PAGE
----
Here is an applique design that I have digitized in Embrilliance StitchArtist .  There are a couple of different things about this design – the finishing stitches are not the traditional machine embroidery satin stitch.  You will also note when you watch the design stitch out that there are no jumps between the purple legs.  I really don’t like to trim jumps and the machines just stitch faster when they travel vs having to slow down, lock, trim, relocate, lock, and ramp back up to speed.  When you have run stitches that travel instead jumps that trim, the machine will just keep on the speed its going.  So when ever possible I like to incorporating travel stitches into the designs I create – hiding them under stitches that will stitch/cover later.

Both of these items are very easy to accomplish in StitchArtist.  First let’s talk about how to get the pretty motif stitch around the applique pieces.  After creating the shape and choosing applique, I set the finishing stitch to None.  If I am using a fabric cutter, I only select the Position stitch.

Yes, I could simply set this stitch type to a single run since I was planning to not have a material position stitch.  However, I know me – I like to change my mind and setting it to be an applique stitch type gives me to flexibility to quickly add the material option in the future by checking the box.  If I set it to a run and later decided I wanted the second run, I would have to copy and paste and make sure it was in the right order or change it from a run to an applique, set it to none and check both boxes.  So I saved myself some extra work today by setting the shapes to applique none in the beginning.

OK, so I have no finishing stitch – how do I add this to my design so it does have one that stitches all together at the end?  I drew a line around the top part of the shape only along the outer edges and set it to a motif run.  Because it was an open path, The decorative stitch of the turtle shell was going to cover the spots where the head and legs connected anyway!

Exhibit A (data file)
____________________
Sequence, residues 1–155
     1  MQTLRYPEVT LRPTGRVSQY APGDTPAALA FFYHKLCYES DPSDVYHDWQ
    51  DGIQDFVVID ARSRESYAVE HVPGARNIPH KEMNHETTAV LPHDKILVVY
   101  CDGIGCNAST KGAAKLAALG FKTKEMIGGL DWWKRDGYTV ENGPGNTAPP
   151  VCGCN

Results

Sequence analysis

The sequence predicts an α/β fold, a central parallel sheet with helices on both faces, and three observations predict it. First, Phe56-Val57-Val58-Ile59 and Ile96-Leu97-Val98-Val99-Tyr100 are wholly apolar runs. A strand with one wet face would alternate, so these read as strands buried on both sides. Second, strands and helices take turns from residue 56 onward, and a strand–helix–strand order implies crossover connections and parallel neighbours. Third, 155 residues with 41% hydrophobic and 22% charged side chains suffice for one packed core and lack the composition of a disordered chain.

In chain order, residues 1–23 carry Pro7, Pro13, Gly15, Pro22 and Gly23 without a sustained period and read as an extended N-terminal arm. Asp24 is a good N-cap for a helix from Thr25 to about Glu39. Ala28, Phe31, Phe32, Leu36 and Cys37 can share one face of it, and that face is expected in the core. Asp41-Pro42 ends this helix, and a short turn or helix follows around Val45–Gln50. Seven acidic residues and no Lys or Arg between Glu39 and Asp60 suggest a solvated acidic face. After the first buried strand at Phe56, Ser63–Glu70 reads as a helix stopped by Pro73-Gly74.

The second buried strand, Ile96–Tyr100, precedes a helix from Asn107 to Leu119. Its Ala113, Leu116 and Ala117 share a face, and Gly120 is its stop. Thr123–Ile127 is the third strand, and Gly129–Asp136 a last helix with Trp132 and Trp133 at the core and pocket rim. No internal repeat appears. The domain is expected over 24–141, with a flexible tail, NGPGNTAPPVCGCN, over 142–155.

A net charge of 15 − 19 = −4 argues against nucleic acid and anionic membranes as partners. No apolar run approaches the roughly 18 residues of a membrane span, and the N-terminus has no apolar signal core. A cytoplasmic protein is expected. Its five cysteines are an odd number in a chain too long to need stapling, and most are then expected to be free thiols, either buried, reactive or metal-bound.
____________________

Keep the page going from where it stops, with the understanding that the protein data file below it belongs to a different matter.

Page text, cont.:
And since the decorative stitching of the shell was going to cover the sections in between, I simply created short little single runs to travel from one leg to the next.  Since these runs are connecting to the stitches before and after, you will want to turn off the ties if you have them set on your running stitch.  There is no reason to lock these little runs as we want them to be  a planned part of the design.

So here is the link to the Turtle files.

I have included a PDF with some notes as well as the cut files if you have a cutting machine.  If you have StitchArtist, you can open the BE file and go to Create mode to see what it is that I have digitized.  Looking at how other people create designs is how many of us learned to create our own designs. Please do NOT share this file but please DO share the link so that others may visit my page to get all of the information that goes along with the design.  Yes, it is a free gift from ME, so please allow me to give it to those that want it 🙂

Thank you for taking the time to read this post.  I do not work for Embrilliance but I am an affiliate which means that I can make a small commission on any sales made on the Embrilliance website when you get there using my affiliate link.  You do not pay anything extra – in fact you may even get a discount!  So if you are looking to add to your software, I would appreciate it if you clicked on this link to get to the Embrilliance website and then clicked on purchase to get to their online store!

Lisa’s Embrilliance Link